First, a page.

Julien Dossena got into many ideas on his Paco Rabanne spring runway, many of them falling under the stylistic umbrellas of retro-future or sporty activewear. But there were a few strays, which accounted for the freshest parts of the collection. Some things worked better than others and the breadth of the lineup left room to cherry-pick.
Futurism is always part of the gig at Rabanne even if Dossena has ebbed and flowed on it during his time at the house. Here, he dialed it up, opening the show with an archival plastic mesh dress worn over a white T-shirt printed with “futuresex” (a Peter Saville collaboration) and a tight white shirt with a spacey bathing cap of a hood that swallowed the head and was pulled up over the chin. Though the suctioned hoodie in stark white overtly signaled “future,” the plastic dress — a V-neck tank done in a new technique that looked like lace from afar — felt newer and more evolved. It was pretty. After that, there was a group of athletic-driven nylon gear in clinical optic white (don’t drop the mustard!) meant to look like futuristic utility uniforms, though they had much in common with current ath-leisure trends.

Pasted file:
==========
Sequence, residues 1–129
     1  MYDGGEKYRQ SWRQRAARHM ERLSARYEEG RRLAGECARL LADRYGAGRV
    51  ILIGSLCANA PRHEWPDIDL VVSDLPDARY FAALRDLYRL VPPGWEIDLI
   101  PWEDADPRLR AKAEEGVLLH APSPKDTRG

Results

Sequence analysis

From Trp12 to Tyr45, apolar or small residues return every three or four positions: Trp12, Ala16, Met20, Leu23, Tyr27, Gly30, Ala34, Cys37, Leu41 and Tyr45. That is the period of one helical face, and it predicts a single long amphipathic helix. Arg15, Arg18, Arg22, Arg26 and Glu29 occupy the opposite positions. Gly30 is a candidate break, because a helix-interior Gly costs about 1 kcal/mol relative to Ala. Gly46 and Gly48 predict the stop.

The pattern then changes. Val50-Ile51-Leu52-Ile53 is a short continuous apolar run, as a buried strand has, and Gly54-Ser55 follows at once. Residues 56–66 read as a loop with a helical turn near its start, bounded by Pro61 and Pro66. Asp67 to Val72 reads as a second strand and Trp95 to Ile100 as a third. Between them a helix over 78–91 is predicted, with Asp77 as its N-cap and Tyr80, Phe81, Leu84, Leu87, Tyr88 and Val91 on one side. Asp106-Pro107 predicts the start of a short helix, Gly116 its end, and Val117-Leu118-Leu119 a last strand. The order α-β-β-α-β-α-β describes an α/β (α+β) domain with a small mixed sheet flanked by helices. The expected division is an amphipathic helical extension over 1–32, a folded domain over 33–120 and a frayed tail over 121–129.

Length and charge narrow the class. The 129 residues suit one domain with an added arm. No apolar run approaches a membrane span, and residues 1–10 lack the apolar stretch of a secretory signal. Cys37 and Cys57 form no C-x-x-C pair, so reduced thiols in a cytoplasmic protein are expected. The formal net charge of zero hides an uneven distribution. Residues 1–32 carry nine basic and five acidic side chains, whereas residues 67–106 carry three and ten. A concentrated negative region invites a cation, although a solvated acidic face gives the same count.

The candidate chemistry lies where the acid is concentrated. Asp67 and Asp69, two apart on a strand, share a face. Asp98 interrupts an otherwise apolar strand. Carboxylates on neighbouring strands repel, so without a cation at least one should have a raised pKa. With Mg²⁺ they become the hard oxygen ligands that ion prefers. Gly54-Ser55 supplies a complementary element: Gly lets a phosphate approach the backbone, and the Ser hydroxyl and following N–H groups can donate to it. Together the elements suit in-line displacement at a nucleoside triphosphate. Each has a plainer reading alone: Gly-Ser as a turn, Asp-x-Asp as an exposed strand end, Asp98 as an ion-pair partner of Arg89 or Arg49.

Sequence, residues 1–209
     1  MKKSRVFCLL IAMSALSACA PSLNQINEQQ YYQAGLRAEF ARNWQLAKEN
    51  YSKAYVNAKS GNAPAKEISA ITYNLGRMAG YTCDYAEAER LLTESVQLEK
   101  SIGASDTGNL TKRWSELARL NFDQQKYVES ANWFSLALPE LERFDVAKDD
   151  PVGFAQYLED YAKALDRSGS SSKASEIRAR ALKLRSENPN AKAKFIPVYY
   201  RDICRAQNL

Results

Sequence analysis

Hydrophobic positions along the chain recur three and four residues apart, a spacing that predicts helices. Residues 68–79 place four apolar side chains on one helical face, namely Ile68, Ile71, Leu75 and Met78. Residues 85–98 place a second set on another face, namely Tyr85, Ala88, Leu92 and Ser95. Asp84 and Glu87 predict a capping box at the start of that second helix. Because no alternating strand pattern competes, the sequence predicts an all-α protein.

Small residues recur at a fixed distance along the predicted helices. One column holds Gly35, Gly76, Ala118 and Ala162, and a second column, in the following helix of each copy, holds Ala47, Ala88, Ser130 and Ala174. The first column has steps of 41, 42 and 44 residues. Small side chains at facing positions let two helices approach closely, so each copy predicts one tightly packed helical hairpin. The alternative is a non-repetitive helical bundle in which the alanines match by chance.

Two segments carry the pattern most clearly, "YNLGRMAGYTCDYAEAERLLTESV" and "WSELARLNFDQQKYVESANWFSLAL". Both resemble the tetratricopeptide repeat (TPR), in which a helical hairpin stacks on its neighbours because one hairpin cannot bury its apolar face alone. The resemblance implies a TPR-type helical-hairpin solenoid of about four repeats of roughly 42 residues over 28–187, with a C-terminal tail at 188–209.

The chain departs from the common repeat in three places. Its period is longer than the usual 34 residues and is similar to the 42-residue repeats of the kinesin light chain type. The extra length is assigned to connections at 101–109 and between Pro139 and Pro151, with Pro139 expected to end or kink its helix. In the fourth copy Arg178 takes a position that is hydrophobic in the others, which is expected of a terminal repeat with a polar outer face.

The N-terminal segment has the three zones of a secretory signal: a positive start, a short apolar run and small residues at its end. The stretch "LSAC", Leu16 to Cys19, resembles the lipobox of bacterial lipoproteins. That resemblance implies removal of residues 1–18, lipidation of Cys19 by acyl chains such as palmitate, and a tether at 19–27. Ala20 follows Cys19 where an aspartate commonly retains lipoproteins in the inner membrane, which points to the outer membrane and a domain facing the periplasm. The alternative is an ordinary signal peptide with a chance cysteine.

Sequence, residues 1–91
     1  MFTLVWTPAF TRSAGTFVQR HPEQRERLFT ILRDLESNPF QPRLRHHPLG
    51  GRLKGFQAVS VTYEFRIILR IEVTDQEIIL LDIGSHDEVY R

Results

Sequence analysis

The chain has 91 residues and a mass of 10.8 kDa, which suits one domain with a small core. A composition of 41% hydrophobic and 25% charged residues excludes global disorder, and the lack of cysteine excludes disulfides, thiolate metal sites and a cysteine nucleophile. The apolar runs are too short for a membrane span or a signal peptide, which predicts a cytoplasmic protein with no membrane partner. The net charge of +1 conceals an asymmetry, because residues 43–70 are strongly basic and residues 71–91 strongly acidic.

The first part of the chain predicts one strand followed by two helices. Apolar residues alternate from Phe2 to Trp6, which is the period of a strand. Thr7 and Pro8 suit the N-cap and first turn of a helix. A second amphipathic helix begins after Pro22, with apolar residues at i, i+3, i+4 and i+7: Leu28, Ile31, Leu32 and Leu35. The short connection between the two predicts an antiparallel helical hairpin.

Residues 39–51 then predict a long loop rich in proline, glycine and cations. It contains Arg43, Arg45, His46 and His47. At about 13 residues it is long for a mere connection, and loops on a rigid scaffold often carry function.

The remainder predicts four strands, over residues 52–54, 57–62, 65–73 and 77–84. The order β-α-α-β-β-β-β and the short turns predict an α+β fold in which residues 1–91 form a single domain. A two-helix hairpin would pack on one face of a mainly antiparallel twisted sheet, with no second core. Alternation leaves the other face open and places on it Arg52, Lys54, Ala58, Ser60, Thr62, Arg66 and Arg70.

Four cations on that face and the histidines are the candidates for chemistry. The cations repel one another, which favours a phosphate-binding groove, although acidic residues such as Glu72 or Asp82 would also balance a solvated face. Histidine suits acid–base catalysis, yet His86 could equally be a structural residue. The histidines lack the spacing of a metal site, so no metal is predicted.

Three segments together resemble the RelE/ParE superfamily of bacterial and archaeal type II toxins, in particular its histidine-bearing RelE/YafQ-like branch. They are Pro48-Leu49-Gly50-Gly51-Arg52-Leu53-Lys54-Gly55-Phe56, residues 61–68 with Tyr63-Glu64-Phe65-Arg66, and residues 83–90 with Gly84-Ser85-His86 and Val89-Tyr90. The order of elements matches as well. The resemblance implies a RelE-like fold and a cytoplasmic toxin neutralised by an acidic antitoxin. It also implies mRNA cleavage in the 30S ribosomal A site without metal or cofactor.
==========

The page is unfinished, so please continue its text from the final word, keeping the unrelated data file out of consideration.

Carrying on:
Crop tops worn with low-rider bell-bottoms and square tailored tops with mini kilts belted around the hips hit upon the collection’s most obvious retro moment. Unsurprisingly, it was not the lineup’s most modern or experimental proposition. That belonged to the lace looks that ended the show. Lace is not a fabric remotely associated with the house, yet Dossena brought it into the vocabulary with a fresh eye. The white lace slipdress with hot pink straps and tights didn’t scream past or future but offered something new and now.